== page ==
As T-Mobile proved several months ago with the first Pearl, smart phones aren't just for executives looking to stay connected to their Inboxes. The AT&T version of RIM's glossy black, pocket-sized device offers similar features and performance as its brother--including a bright screen, a 1.3-megapixel camera, and multimedia playback--but some may prefer AT&T's larger network, which means more consistent voice and EDGE data coverage in the U.S.
The piano-black Pearl weighs only 3.2 ounces and measures less than 0.5 inches thick. Its 2.3-inch screen is framed in silver, and the traditional BlackBerry scroll wheel has been replaced by a trackball that sits in the center of the keyboard. Volume controls and a button to turn on the camera reside on the right, and a push-to-talk button sits on the left.If you're used to a full QWERTY keyboard, the Pearl's SureType setup, which squishes two letters onto each key, has a slight learning curve. After sending a few text messages and e-mails, however, we were hooked on its ease and found that even with large fingers we didn't accidentally press the wrong keys.
Call quality was clear, and we had no problems with dropped calls or weak signals as we walked between the subway and our office in Midtown Manhattan. The Pearl's voice-dialing feature also worked well and quickly identified the contact we wanted to call. Web pages loaded quickly, and we were able to access reviews on our site in a matter of seconds. Surfing was pleasant overall, but don't expect a rich Web experience, as pages are stretched to fit the Pearl's vertical display.
You'll find little difference between the applications loaded on the AT&T and T-Mobile Pearls. Two notable additions to AT&T's unit are a push-to-talk option ($9.99 per month) and TeleNav Maps 1.0. We tested the PTT with a colleague using the BlackBerry 8800. It worked, but we noticed a distinct echo during test calls.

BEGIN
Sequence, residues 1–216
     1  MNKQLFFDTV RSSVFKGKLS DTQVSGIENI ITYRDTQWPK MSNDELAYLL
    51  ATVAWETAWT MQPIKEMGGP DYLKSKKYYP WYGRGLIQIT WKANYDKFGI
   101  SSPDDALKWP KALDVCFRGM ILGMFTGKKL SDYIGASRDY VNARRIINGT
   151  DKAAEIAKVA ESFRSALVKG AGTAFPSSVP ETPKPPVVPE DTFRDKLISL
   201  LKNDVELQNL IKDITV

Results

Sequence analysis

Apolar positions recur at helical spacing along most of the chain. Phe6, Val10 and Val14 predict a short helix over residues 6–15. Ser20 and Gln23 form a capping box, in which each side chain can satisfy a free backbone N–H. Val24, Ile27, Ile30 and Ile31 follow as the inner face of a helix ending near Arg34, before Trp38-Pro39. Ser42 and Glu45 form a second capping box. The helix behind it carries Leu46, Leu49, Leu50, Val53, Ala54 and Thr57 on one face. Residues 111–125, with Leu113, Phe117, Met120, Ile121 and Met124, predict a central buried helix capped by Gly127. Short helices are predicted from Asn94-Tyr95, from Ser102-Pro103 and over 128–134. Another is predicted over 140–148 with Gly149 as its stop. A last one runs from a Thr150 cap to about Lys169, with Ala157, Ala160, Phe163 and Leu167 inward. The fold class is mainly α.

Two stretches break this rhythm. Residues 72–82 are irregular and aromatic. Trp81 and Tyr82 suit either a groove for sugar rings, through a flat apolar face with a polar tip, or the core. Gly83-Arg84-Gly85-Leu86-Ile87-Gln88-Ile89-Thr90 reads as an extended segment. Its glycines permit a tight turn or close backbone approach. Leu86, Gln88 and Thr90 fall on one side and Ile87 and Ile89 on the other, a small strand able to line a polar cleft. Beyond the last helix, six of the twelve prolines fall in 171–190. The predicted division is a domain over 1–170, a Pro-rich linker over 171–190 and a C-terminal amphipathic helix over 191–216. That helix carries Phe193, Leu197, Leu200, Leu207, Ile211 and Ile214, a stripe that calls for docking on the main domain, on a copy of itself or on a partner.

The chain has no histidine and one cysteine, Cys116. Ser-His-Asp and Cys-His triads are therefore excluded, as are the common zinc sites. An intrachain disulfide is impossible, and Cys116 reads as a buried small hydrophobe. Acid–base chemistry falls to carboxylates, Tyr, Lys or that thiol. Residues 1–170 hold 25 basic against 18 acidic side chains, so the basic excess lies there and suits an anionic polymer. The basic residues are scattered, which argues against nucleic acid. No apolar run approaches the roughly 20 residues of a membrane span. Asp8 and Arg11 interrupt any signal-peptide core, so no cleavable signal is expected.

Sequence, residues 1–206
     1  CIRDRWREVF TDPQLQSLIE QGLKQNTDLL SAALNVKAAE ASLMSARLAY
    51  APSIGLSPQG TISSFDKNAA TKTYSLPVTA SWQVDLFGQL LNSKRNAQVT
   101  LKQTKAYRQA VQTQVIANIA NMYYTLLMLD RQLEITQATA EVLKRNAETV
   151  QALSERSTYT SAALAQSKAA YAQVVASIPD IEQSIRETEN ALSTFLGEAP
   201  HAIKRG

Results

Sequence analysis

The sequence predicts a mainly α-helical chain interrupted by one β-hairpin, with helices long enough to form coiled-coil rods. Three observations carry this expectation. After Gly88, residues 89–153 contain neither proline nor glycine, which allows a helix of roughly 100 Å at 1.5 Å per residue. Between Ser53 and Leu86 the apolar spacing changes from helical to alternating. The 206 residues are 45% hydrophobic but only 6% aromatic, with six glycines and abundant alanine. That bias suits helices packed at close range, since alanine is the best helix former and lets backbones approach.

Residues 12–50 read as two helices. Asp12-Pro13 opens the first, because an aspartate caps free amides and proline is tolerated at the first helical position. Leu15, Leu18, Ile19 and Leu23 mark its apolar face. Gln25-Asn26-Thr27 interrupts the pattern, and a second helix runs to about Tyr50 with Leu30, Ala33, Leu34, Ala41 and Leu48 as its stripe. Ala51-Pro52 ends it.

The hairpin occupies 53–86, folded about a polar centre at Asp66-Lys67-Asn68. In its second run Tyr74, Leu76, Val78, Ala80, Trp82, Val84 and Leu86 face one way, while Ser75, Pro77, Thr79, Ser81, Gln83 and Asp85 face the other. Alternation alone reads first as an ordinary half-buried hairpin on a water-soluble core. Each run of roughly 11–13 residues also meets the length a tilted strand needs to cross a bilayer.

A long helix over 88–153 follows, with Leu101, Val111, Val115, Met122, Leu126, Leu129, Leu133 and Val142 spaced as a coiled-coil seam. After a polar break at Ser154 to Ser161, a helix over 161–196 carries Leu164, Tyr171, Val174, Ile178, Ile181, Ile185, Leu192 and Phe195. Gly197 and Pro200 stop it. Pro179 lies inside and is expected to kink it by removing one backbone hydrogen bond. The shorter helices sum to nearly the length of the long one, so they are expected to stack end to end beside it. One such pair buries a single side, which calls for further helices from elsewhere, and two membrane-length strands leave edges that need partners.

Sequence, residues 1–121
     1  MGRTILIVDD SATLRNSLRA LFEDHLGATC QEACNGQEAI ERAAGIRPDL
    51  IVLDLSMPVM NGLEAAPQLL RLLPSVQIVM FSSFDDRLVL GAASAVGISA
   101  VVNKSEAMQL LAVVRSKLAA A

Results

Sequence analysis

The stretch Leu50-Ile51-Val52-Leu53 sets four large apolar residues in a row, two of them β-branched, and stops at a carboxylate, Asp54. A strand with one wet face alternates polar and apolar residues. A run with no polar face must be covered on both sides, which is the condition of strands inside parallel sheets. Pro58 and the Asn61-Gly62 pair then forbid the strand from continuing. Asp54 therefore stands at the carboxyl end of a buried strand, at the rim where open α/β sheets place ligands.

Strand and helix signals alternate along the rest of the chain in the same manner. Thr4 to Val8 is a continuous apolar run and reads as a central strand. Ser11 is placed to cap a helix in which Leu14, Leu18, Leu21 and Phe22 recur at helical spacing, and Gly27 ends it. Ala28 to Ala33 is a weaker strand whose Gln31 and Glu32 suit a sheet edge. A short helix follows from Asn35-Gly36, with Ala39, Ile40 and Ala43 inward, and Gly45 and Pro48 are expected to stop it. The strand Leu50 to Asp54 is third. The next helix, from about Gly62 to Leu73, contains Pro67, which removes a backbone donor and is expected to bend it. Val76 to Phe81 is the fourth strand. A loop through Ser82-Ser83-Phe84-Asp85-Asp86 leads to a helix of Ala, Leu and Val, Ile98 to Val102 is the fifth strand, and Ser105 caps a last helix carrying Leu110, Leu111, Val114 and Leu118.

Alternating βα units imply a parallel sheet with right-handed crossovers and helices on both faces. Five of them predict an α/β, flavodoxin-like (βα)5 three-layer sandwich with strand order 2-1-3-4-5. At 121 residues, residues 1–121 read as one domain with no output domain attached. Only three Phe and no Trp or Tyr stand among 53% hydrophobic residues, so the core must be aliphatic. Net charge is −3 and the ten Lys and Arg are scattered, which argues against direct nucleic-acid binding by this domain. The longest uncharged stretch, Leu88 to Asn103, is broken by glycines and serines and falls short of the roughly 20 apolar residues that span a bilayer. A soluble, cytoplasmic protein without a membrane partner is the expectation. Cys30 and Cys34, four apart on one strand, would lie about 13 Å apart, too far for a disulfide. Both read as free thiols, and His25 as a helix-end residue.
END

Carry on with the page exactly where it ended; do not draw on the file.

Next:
TeleNav's mapping program took more than a minute to display a map of our office. It also offers step-by-step driving directions, but you have to click on each turn to see the map, which isn't very useful if you're on the road. You can upgrade to TeleNav GPS Navigator, which includes 3D moving maps, spoken and written turn-by-turn directions, business location, and fuel finders for $5.99 for ten trips or $9.99 per month for unlimited use, but you'll also need to add a dedicated Bluetooth GPS receiver ($99). The BlackBerry 8800 has GPS built in.
BlackBerry's Desktop Manager, which syncs your contacts, calendar, and tasks with Outlook or Outlook Express can help you stay organized and on time. Connecting to the data stored in Outlook was simple and fairly straightforward using the Setup Wizard. The Pearl supports up to ten e-mail addresses, and you can view attachments but not edit them.
On the entertainment front, the BlackBerry Pearl has a basic music and video player that supports AAC, AAC+, eACC+, MP3, and MPEG-4 files. Songs sounded clear, and video was on a par with some flash players that we've tested, but the screen is too tiny to watch clips for an extended amount of time. The 1.3-MP digicam took decent shots (for a phone) but doesn't record video.
Overall, the BlackBerry Pearl is a great choice for anyone looking to stay connected without carrying a bulky device. Its slim design will appeal to consumers and executives alike, and its price tag of $199 (with a two-year contract) will fit most budgets.